A year ago, I was living out of my backpack in hostels throughout Barcelona. Although I did live it up —enjoying paella, long walks on the beach, and quite a few adventures at clubs and cafes— I was also on my grind writing Lead The Future and launching my first crowdfunding campaign to cover the publishing costs.
I would not have been able to finish the marathon of writing, editing, and publishing the book without the support of the friends, fans, and family, who contributed and supported me in various ways on my journey. It was empowering and, to be honest, kind of nerve wracking to imagine the people who pre-ordered my book reading it. That tension helped me to persevere through some long and difficult days.
Despite my best efforts, I still felt a wave of anxiety pass over me when I submitted my final draft. I thought that moment would be liberating, and in some respects it was, but I also feared that some of my supporters would hate me after they read my book (none of them do…that I’m aware of). Writing a book felt a lot heavier than any of the thousands of posts I’ve made elsewhere on the internet. That experience gave me a greater appreciation of how difficult it is to ship a product that feels deeply personal.
Since publishing, I have been trying to pay the generous support I received forward by supporting various creators in my life. I love it! Most recently, I pre-ordered paperbacks to support four of the students who began their own book writing journeys while enrolled in CAS162: Building Your Creative Confidence, a course that I taught this past spring semester at the University of Rochester (working off of the curriculum of Eric Koester at Creator Institute).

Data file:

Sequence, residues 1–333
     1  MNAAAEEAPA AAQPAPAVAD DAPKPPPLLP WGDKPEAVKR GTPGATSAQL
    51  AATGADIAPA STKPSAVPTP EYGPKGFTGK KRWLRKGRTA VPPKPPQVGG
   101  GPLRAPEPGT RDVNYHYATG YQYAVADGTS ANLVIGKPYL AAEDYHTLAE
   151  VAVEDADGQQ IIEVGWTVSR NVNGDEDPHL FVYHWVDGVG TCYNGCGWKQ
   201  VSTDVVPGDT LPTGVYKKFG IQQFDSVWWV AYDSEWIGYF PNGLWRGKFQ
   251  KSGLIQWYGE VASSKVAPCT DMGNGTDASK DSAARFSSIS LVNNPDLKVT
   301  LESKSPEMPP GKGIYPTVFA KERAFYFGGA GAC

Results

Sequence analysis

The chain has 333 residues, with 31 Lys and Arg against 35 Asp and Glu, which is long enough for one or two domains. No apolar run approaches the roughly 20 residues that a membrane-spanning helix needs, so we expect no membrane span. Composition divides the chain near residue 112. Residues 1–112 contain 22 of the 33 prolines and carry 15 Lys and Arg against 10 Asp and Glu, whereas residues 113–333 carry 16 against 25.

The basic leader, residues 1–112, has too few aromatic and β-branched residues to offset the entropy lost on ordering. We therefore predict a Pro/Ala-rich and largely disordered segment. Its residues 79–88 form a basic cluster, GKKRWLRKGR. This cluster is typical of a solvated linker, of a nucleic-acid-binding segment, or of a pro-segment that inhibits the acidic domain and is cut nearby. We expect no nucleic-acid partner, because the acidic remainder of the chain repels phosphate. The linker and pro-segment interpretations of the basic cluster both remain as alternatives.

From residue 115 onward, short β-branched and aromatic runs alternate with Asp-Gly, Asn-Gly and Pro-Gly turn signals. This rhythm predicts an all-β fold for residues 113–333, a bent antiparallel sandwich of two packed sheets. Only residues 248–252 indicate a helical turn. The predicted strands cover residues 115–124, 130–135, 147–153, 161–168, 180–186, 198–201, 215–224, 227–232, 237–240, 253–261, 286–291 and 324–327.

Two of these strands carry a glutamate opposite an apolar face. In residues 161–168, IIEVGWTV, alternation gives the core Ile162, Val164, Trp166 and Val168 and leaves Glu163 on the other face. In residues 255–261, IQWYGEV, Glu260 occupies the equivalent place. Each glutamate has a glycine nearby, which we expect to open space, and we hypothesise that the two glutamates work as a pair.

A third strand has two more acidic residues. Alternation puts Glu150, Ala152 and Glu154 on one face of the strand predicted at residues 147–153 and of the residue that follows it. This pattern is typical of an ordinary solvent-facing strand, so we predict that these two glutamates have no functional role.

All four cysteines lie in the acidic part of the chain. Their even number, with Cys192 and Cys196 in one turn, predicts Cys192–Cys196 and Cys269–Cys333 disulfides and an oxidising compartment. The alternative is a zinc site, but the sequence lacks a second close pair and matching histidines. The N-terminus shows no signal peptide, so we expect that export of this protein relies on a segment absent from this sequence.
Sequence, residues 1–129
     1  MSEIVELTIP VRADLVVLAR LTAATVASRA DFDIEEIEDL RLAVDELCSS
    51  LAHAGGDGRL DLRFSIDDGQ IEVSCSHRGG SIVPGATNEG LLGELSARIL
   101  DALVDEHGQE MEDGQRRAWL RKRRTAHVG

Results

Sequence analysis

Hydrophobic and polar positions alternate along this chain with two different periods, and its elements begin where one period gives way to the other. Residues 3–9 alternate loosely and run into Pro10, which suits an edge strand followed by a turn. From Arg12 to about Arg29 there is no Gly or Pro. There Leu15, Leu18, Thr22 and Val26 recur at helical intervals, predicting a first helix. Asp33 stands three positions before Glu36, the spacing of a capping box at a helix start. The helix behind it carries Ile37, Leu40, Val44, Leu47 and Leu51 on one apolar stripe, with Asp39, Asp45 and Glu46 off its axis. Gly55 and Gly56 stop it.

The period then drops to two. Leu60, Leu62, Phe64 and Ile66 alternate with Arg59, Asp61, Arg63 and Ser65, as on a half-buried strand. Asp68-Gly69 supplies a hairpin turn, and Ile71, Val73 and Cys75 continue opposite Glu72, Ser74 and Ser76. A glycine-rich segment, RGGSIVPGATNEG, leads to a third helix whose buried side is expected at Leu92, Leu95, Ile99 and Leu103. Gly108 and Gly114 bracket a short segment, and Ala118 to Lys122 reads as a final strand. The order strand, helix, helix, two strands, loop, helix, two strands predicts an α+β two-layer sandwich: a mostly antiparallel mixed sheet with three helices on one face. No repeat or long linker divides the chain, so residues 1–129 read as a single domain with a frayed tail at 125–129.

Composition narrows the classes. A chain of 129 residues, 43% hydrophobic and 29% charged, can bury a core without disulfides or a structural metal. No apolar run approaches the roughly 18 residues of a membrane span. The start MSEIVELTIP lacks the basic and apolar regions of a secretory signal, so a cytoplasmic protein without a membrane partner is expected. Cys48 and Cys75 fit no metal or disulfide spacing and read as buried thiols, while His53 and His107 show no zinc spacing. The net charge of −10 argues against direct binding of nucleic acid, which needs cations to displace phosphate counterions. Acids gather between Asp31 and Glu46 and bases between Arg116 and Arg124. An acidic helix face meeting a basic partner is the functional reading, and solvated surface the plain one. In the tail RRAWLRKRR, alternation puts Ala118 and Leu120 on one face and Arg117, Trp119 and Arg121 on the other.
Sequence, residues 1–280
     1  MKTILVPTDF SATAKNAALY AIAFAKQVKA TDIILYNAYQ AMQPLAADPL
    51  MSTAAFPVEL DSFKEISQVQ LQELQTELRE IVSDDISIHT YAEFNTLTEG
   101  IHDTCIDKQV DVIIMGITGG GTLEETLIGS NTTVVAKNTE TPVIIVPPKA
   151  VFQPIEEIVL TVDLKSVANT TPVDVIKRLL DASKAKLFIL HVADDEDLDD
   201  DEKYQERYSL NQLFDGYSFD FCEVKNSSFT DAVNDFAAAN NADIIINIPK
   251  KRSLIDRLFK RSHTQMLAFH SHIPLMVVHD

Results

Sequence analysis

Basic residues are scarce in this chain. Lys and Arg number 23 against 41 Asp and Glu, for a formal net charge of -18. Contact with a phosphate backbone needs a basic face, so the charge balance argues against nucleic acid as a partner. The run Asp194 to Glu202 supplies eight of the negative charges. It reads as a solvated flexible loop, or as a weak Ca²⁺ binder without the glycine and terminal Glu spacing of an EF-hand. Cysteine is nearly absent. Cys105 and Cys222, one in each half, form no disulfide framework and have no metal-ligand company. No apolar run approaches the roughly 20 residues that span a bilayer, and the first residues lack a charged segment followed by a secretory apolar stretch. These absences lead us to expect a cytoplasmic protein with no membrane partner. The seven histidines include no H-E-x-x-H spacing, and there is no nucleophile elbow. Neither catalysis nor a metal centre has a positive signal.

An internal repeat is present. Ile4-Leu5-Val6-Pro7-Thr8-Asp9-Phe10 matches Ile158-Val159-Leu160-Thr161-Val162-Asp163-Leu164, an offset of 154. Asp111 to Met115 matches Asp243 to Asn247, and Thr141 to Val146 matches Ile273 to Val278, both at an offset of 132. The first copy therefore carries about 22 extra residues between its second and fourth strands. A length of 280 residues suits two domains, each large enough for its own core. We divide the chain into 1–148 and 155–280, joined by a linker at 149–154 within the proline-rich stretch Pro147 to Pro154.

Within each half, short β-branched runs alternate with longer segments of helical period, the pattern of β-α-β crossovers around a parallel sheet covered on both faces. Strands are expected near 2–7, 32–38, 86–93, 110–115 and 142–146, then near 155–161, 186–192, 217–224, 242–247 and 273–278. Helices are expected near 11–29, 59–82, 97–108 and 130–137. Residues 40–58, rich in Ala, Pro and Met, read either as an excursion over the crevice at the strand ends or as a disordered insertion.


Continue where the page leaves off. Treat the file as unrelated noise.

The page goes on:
Most of the last 9 months, since I published, have been pretty strange (and a bit different that I had planned back in January). I plan on reflecting more on my experience in upcoming blogposts. If you have any questions for me, please don’t hesitate to reach out at grantdever at gmail dot com.
I would like to again take this opportunity to thank everyone who supported the creation of Lead The Future.
Thank you: Elize and Don Maxwell, Mary Ann King, Peter Pilarz, Nicole Derby, Bradley Halpern, Justin Bruce, Anne-Marie Algier, Edward Colosky, Eudora Erickson, Nate Less, Dan Ortenzi, Melissa King, Jesse Reichenstein, Jeremy Rogers, Drew Richard, Anna Zhang, Steve Kiernan, Georgi Hristozov, Randy Barkin, Nick Sparacino, Richard Dever, John Kappel, Tim Copeland, Jin Kim, Deniz Cengiz, Nancy Metzler, Shannon Ealy, Tyler Frederick, Hildegard Serratt, Shannon Lue Chee Lip, Grant Halleran, Joseph Sayre, Tyler Trine, Didier Vandevoorde, Ashleigh Morris, Antoinette Esce, Ulrik Soderstrom, Danielle Gartenberg, Ethan Bidna, Jordan Smith, Zoe Tzetzis, Don Frank, Michael Pettinato, Vlad Cazacu, Anthony Elvirez, Anush Mehrabyan, Emily Kumpf, Nate Tibero, Kim Hendricks, Simo Piispanen, Dax Emerson, Julia Maddox, Scott Fu, Micheline DeFranco, Yancey Moore, Judy and Paul Linehan, Eileen Stremming, Kristopher Hendricks, Barbara Burger, John Somers, Nicole Itzkowitz, Doug Reyes, Honggang Lai, Nomi Bergman, Michael Murphy, Kevin Shaughnessy, Collin Hill, Isabel Rogers, Clark Dever, Elisabeth Watson, Nicky Gianadda, Mary Ann Mavrinac, Jake Barkin, Cam Schauf, Brendan Knight, Lheiren Milanette, Dan Martin, Eric Koester, Luke Metzler, Alex Saffran, Dewey Bazirake, David Stark, Matt Skurnick, the Liu family, and Julianne McAdams